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 February 8th, 2013, 12:04 AM #1 Senior Member   Joined: Jul 2012 Posts: 225 Thanks: 0 Can I apply L'hopital here? hi all $\lim {x \to \0^+} x^x= A$ $lnA=\lim {x \to \0^+} xlnx = \lim {x \to \0^+} \frac{lnx}{\frac{1}{x}} = {\frac{-\infty}{\infty}}$ Can i apply lhopital when the limit of the numerator is different than the denominator but both are infinite?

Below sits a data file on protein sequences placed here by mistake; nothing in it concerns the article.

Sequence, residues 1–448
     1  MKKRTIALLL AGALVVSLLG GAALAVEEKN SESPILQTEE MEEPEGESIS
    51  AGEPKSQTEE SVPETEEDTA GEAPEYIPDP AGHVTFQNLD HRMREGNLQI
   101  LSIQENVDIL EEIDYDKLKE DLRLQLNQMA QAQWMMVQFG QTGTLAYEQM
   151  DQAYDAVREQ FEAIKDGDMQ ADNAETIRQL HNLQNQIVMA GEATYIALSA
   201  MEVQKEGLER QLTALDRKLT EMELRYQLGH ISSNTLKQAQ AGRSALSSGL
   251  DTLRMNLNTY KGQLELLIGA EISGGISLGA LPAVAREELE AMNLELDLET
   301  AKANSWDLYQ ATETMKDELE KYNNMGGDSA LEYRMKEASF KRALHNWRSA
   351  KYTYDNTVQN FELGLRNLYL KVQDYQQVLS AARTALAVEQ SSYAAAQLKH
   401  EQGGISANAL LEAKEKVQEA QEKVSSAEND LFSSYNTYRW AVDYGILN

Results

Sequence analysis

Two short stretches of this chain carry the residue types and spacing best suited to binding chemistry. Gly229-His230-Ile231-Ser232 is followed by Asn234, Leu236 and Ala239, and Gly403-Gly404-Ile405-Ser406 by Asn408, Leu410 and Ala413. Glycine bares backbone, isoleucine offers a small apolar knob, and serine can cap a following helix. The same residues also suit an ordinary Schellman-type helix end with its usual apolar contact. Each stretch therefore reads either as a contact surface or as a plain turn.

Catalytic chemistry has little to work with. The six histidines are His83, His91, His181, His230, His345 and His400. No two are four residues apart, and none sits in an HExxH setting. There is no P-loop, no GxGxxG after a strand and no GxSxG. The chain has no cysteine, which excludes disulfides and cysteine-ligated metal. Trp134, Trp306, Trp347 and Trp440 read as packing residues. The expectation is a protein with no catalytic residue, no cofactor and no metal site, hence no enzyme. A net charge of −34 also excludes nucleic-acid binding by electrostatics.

February 8th, 2013, 01:24 AM #2 Member     Joined: Jul 2012 Posts: 60 Thanks: 0 Math Focus: Calculus Re: Can I apply L'hopital here? I think so. However, I've been wrong about this before so I'm going to give you an alternative here. My teacher never taught us Lhopitals rule. She took a different approach. She drew the graphs of the following functions: y=ln(x); y=sqrt(x); y=x^2; y=e^x as an example. Then we looked at the graphs and saw that as x aproaches infinity all these functions approach infinity. But ln(x) approaches infinity the slowest. If you draw it you will see the function (y=ln(x)) grows very slowly compared to y=sqrt(x). So y=ln(x) approaches infinity a lot slower than y = sqrt(x) So we ranked these functions based on how fast they grow when x->infinity. y=ln(x) is the slowest, followed by y=sqrt(x) then y=x, after that goes y=x^2 (or x^n) and the fastest growing function is y=e^x (or a^x where a>1) But this only applies when x->infinity, not when x->0 or any other number. $\ln A=\lim_{x\to 0^+}\frac{\ln x}{\frac{1}{x}}$ we can say 1/x = t, so the the limit becomes the following: $\ln A=\lim_{t\to\infty}\frac{\ln \frac{1}{t}}{t}$ $\ln A=\lim_{t\to\infty}\frac{- \ln t}{t}$ as t-> infinity ln(t) grows slower, and t grows faster therefor we have a smaller infinity divided by a bigger infinity and so we will get 0 $\ln A= 0$ $A=1$ We can also try to do it with L'Hopitals rule: $\ln A=\lim_{x\to 0^+}\frac{\ln x}{\frac{1}{x}}$ $\ln A=\lim_{x\to 0^+}\frac{\frac{1}{x}}{ - \frac{1}{x^2}}$ $\ln A=\lim_{x\to 0^+} - \frac{x^2}{x}$ $\ln A=\lim_{x\to 0^+} - x$ $\ln A= 0$ $A= 1$ So yes you can do it with L'Hopitals rule

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